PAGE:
It’s all about finding the right word.
When your clothes comes off, intentionally or unintentionally in a public place, it is called “wardrobe malfunction” as if your wardrobe is an I-Pod whose electronics just happened to short itself.
When you have to lie through your teeth to sell your product, it’s not called chicanery any more—the term of choice is “creative marketing”.
I am sorry I should not have used the word “lying”. I meant “liberal with the truth”.
And when the fact that your original work of fiction is not as original as you claim it to be is exposed to the world, it is not called plagiarism now-a-days. Oh no.
Yes I am referring to literary superstar 19 year old Kavya Vishwanathan , who signed a book deal for 500K before she was 17 years old, and has now accepted that she borrowed passages from a previously published book.
In her defence, Ms Vishwanathan says:
“While the central stories of my book and hers are completely different, I wasn’t aware of how much I may have internalized Ms. McCafferty’s words. I am a huge fan of her work and can honestly say that any phrasing similarities between her works and mine were completely unintentional and unconscious. My publisher and I plan to revise my novel for future printings to eliminate any inappropriate similarities.
Sepiamutiny puts up some examples of her internalizing and once you go through the “similar lines” your first reaction is: ” Oh it’s just an accident”. Individually, none of the controversial lines, taken by themselves, are directly lifts—a similar sentence structure here, a similar turn of phrase there. However the problem is that there are just too many such instances of similarity to be attributed to coincidence.
Of course, I may just be acting like a male bitch—- no doubt because I am jealous that a 17 year old easy-on-the-eyes Indian lady gets a huge book contract while someone like me who is 30 and big-boned (yes I have mastered the art of linguistic deception) has never gotten within 100 feet of a publisher.
First read the short synopsis of How Opal Mehta Got Kissed, Got Wild and Got a Life here. (if you don’t know it already).
Then answer this question:Say I had written How Atish Pal Got Kissed, Got Wild, and Got a Life, a story about Atish Pal (Apal), a boy from Paikpara, Kolkata whose clerk father and schoolteacher mother had brought him up with the sole intention of get into IIT—-shuttling him from one tuition to another till one day he is asked during his “ragging” :
“What do you do for fun?”
At which Apal totally blanks out and goes into shock. Iftikar, the morose doctor tells the parents: In order for Apal to get back to his Timoschenko and Young, he needs to be able to answer this question.
His parents thus have 3 months (summer vacation) in which to get Apal a life.
If I had written this, would this have been published? Would I have been paid $ 500,000? Rs 5 even?
I would have had a class action suit from millions of kids in India who would accuse me of having plagiarized…sorry internalized their life story.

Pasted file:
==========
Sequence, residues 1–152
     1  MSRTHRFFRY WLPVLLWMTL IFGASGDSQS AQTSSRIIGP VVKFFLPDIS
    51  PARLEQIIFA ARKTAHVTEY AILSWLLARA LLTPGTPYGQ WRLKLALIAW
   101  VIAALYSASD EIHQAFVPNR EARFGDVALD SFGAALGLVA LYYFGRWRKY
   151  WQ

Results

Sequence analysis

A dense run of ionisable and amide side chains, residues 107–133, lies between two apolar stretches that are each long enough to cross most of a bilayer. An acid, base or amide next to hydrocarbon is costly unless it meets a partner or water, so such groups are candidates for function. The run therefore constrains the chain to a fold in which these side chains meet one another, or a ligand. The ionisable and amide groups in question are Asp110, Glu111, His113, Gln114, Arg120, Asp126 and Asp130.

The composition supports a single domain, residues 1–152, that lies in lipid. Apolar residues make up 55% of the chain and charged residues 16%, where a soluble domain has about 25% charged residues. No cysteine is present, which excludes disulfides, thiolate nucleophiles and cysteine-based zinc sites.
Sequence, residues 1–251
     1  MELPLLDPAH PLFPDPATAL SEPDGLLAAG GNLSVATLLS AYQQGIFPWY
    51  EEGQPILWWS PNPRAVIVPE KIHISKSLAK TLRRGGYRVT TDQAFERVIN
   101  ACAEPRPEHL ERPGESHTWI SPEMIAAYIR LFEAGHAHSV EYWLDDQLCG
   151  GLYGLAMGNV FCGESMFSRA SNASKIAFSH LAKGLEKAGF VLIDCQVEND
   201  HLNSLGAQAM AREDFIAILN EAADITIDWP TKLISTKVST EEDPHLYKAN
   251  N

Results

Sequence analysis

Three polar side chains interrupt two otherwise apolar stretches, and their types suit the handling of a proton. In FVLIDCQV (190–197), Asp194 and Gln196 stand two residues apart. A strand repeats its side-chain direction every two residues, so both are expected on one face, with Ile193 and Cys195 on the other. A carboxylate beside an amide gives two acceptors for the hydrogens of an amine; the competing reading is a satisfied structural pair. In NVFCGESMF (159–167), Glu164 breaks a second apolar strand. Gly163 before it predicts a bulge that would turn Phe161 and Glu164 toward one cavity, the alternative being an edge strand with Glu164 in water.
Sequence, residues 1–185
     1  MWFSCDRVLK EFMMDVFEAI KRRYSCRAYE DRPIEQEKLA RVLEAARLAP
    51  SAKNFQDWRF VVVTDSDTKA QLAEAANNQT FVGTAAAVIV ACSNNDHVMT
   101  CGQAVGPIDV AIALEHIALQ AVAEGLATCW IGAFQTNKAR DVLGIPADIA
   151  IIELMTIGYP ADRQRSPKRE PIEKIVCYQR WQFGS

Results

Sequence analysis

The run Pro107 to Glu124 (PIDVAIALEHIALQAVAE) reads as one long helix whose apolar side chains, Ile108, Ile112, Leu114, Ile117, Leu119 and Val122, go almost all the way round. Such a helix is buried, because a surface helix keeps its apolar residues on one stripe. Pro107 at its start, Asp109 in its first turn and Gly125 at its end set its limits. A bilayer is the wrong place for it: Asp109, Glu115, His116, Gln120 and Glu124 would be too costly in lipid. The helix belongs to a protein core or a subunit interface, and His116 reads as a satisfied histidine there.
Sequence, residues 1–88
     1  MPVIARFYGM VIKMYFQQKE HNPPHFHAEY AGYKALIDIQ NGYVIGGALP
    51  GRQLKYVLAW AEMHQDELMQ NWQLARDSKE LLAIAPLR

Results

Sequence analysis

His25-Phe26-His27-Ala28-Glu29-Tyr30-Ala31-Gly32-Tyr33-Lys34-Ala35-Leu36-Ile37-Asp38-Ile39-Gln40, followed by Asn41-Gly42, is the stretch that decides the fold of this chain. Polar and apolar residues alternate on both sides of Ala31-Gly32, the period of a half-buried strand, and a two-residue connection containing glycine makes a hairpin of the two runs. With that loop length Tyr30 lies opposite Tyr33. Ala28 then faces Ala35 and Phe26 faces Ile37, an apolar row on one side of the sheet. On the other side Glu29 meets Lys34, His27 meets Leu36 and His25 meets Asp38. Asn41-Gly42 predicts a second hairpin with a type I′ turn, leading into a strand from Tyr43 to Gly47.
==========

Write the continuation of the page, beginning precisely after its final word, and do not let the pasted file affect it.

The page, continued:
I digress. Actually Ms. Vishwanathan has at least been smart. At her age a lot of people take the easy route–like copying passages verbatim with no changes, copy pasting code and changing the variable names from “i” to “j”. Many people much older do it too–i.e. execute the shameless lift: Anu Malik, Bappi Lahiri, Nadeem Shravan being names that automatically come to mind.
But not Ms. Vishwanathan. She has concentrated on sentences rather than passages (i.e a succession of sentences are not consecutively copied) and in each instance of internalization put in her original spin. And you do have to accept— each of her modifications do make sense unlike a guy I know, who during a written exam copied another person’s code and sought to distinguish his answer from the other’ s by replacing each scanf statement with a printf. (For non-C people, that’s like replacing the word “read” with “write”)
Of course, she was naive to source all her stuff from a single author’s book but then again she is just seventeen.
But how can you absolve Farhan Akthar, supposedly one of India’s most talented directors, whose movie “Don” (a remake but a publicly-announced one) has a movie poster that is almost a blind carbon copy of any Matrix promotional material—-the darkness, the tall buildings and the green shade—the exact same shade no less ? [I don’t know if Farhan okayed this but he should—the director should have total creative control over his product and knowing the power he wields I am sure he does] of being unoriginal?
Sorry to say this Mr. Akthar, but even Kavya Vishwanathan would call this a copy.
[More about Kavya Vishawanathan here]
[Update: I come across a forward today highlighting the greatest sledges of all time. And this is what it said about the Amir Sohail-Prasad incident]
Prasad has bowled thousands of deliveries and taken hundereds of wickets in his career but, it was this one granted him a place in the History of Indian Cricket .. for ever… the ghost of Miandad’s last ball six was exorcised, once and for all.
This is what I said, a year ago, about the incident in this post :
Miandad gets run out and is shamefully booed off by the Bangalore crowdâ€¦.India winsâ€¦.the ghost of Sharjah is fully exorcised.
Of course it might be me who has internalized and I cannot prove when the other person wrote his piece—however I can assert,(and leave the believing to you readers) that I did not read this forward before I wrote my piece a year ago.
Not a big deal but I make the point so that people like Shrik don’t accuse me of the “internalization”.